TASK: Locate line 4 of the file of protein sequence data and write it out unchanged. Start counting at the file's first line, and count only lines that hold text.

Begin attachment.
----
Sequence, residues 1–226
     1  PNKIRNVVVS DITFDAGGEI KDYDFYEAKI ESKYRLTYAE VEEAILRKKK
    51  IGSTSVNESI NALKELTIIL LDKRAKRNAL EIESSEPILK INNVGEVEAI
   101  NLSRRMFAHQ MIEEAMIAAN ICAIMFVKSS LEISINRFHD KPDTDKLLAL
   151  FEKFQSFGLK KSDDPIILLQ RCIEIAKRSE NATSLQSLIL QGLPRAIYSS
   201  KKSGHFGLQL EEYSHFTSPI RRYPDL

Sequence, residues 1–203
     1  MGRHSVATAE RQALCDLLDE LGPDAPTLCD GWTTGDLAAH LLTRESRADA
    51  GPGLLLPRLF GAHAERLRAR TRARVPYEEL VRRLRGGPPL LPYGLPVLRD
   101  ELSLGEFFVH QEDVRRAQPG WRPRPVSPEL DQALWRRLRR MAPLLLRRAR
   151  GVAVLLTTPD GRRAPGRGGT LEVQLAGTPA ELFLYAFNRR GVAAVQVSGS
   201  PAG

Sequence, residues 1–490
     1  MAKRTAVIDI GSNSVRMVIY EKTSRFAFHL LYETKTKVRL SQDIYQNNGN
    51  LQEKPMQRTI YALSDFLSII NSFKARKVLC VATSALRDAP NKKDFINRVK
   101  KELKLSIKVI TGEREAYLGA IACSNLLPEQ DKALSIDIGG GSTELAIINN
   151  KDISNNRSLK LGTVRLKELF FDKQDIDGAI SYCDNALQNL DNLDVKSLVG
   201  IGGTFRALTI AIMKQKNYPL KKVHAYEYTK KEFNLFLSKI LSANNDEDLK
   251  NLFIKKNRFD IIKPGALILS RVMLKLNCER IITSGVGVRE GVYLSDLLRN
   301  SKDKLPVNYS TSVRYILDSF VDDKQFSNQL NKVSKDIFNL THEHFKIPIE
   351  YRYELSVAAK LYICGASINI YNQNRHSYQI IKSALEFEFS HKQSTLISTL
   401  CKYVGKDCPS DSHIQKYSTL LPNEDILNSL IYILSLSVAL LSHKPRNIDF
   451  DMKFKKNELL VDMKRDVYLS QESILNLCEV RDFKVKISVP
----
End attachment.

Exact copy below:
   101  NLSRRMFAHQ MIEEAMIAAN ICAIMFVKSS LEISINRFHD KPDTDKLLAL